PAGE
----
Fraudsters, pranksters hurting fast food outlet

DAYS after the police reported that more than 80 per cent of calls to the 119 emergency number are prank calls, a popular fast food restaurant has revealed that it is facing a similar problem.

The fast food franchise, whose name is being withheld, told the Jamaica Observer that credit card fraud and prank calls have been hampering its operations, causing much frustration among its workers and customers.

An assistant manager for the franchise said more than 10 prank calls are usually made to its numbers each week.

“We will get the calls, but we have a system that the [bike delivery] riders have to call the customers before leaving the store, although you have instances where the riders don’t call. So, they will arrive at the location [and] persons would say they didn’t order anything,” he told the Observer.

“Sometimes when we call the number that is listed, the person would say they didn’t order anything so we do not know how the numbers have been accessed to make the call for the delivery,” he added.

As for card scams, the assistant manager said he has received complaints from people about their credit card information being used to purchase food.

“It is very frustrating. The problems come back to my desk, or you will have customers calling and crying that their cards have been used and they changed the card and it is still happening,” he said.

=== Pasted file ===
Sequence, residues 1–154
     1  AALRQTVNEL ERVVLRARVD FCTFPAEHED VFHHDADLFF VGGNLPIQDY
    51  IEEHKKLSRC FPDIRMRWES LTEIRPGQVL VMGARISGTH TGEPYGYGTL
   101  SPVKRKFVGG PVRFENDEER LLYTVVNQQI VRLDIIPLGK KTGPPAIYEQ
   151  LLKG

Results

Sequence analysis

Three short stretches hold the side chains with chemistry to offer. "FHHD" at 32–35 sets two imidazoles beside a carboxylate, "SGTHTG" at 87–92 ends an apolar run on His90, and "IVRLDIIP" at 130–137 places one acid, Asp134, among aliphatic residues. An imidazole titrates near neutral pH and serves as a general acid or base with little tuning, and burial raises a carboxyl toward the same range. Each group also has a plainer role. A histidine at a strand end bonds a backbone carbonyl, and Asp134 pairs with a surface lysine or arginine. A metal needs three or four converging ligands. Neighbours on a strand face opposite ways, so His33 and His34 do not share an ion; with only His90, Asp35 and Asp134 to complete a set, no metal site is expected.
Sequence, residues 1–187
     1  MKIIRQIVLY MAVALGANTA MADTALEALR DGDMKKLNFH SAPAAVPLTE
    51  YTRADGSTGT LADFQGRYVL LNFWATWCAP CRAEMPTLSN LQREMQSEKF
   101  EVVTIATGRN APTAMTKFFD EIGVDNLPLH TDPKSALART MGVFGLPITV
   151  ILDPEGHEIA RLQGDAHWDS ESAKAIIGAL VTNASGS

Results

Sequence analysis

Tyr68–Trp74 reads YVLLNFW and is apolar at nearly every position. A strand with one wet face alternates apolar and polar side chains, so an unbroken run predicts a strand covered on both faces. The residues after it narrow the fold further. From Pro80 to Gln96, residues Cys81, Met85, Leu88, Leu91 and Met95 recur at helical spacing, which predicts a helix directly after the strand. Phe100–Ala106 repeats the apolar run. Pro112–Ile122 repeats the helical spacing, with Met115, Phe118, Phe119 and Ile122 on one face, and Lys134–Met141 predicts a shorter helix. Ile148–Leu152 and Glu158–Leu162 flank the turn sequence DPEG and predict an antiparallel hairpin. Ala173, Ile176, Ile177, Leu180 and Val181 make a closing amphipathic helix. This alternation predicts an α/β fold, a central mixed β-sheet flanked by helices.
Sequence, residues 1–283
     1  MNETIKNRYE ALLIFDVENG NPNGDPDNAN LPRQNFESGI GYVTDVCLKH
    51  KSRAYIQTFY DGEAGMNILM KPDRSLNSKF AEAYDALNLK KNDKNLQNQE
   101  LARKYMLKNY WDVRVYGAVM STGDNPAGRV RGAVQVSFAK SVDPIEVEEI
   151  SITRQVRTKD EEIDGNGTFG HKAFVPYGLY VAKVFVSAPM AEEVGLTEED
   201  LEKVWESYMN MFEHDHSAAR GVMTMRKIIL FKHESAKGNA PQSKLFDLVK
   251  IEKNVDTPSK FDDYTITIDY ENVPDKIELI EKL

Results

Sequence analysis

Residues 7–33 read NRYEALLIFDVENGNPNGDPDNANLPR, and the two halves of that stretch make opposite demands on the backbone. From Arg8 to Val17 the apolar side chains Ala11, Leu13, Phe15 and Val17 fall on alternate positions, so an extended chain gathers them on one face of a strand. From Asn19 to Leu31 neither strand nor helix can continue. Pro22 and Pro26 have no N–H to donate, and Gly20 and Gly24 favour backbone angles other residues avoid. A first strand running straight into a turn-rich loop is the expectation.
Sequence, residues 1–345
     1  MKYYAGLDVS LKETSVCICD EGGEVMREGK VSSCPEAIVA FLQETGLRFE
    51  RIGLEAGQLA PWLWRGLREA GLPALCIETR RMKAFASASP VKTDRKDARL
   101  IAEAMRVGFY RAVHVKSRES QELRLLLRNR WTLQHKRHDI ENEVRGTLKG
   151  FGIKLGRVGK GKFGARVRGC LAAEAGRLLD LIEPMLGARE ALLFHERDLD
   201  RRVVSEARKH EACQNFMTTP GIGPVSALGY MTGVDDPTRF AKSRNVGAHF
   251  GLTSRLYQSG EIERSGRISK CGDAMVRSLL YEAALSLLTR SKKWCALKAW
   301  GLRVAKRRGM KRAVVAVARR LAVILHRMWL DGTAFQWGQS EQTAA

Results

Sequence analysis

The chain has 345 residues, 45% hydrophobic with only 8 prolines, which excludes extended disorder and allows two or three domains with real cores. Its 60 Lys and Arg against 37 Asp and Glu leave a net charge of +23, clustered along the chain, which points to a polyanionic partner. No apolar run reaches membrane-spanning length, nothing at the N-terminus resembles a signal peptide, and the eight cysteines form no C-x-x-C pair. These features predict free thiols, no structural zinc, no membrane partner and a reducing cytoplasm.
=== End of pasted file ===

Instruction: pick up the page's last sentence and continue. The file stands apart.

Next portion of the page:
“But one has to ask the question, how do these people get other people’s information? Because I have an instance where a customer called — and she had just pulled her credit card out of the envelope — and she went to one place and the card never left her side, but yet still she was sitting there watching the text messages coming in and she had to call the bank to have them block the card,” he added.

In the meantime, the assistant manager said there has been some upgrading of the franchise’s security systems to lessen the issues.

He said that the role of these systems includes tracking the history of food orders made by recurring customers for any suspicious activity.

“We put systems in place to help us be more aware or raise a certain suspicion of a certain dollar value and the condiments being added to the particular product, because you would now question the credibility of the client and then also check the order history for this client,” he added.

“Once there is a track record of history you look back to see if the orders would be the same but if it is an account that was just created it will be flagged and logged. That is how we try our best to minimise, but we cannot do it alone. There is a trend… and it is not going to get relinquished overnight,” he lamented.